With Dipoto showing he is not shy about moving players he doesn’t see working out, it can be assumed (and in fact Dipoto himself suggested) that most players still on the roster at the end of the year would be under consideration for return. Still, there should be plenty of new faces in the clubhouse in Peoria next February.

“We are going to need to fill some holes in the lineup,” Dipoto said. “I think pitching depth stands as a strength for us, but we are going to focus on ways we can create more impact, and more than anything else we want to go into spring with a degree of momentum rather than with a great deal of change. We have already changed enough for these guys. There’s going to be change, but it’s not going to be an overhaul, and that I think will be step one in building something more lasting.”

For long stretches this year, Seattle’s pitching seemed to be anything but a strength, and in a season in which almost everyone agreed the Mariners would go as far as their pitching could carry them, it was the offense that carried the team instead. What we saw throughout the year with the arms is one thing, but what they finished with was another. The bullpen seems to be sorted out with the exception of one huge need being a situational lefty. The rotation, question marks aside about the individuals, is six deep, something Dipoto called “enviable depth” at the Major League level. Enviable perhaps because with a free-agent pitching class that is rated to be one of the worst ever, numbers and potential all of a sudden have more value.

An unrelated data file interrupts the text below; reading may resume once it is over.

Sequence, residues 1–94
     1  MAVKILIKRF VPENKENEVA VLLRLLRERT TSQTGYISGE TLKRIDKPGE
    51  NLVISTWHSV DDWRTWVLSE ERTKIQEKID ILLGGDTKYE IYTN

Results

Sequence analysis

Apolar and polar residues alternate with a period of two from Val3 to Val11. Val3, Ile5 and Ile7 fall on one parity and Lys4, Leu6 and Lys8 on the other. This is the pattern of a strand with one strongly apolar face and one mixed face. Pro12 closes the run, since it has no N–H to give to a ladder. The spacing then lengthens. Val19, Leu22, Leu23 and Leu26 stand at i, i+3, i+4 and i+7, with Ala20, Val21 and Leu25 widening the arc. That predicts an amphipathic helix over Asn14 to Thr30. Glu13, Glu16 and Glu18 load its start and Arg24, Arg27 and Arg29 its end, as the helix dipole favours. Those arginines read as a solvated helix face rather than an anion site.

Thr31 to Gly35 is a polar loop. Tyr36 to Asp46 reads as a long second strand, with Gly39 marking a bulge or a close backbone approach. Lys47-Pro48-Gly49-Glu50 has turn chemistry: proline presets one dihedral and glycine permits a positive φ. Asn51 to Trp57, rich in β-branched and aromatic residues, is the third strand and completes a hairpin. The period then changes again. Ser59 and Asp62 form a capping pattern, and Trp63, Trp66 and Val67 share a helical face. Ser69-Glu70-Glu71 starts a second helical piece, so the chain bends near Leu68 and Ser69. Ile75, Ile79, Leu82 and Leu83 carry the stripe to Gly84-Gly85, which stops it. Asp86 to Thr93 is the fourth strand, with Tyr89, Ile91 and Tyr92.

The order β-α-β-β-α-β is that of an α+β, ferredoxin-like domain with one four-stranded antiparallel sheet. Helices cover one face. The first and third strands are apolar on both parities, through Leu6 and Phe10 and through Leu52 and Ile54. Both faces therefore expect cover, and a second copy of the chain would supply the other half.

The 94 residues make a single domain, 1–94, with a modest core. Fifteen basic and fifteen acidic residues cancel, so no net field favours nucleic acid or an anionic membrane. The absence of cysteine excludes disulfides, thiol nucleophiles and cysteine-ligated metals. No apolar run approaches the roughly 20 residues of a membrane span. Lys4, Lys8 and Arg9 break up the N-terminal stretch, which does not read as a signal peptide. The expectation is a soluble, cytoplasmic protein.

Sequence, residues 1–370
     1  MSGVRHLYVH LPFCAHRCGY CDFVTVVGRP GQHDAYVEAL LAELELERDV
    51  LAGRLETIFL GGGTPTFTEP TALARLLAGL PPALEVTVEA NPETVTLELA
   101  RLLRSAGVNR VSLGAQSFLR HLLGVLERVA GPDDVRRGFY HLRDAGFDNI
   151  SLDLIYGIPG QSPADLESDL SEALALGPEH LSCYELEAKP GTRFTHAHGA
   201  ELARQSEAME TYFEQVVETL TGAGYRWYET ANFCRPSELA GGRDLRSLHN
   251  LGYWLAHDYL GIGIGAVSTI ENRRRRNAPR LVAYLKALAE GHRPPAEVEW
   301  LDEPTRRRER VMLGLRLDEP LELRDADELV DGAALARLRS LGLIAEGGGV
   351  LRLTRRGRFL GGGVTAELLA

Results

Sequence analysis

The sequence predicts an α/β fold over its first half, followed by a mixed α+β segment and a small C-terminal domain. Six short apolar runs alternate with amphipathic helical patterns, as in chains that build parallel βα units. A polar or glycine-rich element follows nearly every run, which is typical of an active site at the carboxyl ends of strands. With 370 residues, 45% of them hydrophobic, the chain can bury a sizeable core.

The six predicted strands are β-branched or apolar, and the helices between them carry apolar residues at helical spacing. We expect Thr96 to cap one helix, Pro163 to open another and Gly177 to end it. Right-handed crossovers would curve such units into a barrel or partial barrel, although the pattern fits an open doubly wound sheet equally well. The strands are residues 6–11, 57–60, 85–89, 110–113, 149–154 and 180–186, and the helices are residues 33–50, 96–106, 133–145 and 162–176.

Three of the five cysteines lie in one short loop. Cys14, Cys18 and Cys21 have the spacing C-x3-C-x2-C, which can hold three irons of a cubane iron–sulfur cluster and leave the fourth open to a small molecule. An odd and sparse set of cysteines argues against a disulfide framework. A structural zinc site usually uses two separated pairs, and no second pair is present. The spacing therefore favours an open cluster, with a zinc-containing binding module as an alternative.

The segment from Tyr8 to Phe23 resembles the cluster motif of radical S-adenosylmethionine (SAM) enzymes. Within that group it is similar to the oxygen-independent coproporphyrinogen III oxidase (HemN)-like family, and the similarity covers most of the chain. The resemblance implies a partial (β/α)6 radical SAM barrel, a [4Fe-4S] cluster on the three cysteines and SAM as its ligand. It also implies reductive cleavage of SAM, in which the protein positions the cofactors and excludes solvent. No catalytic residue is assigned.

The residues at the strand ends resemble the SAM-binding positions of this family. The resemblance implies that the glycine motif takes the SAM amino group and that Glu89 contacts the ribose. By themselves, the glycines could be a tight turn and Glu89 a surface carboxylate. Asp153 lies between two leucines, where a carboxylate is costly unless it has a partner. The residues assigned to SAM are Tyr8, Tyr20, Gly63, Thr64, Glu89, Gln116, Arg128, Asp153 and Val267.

As for the position players, as always, the Mariners could use a corner outfielder. While he is sure to look for outside help, Dipoto believes there is help close by in the near future.

“We became more athletic in the outfield as the season unfolded,” he said. “By September, we saw the ‘hands team.’ Those aren’t guys who are going to be hands team players forever. Guillermo Heredia is an excellent athlete who can really play the outfield. He’s going to have a career in this league. Ben Gamel is going to be an everyday player. He can hit and play the outfield and has got some electric to him on the bases. That’s something to look forward to.”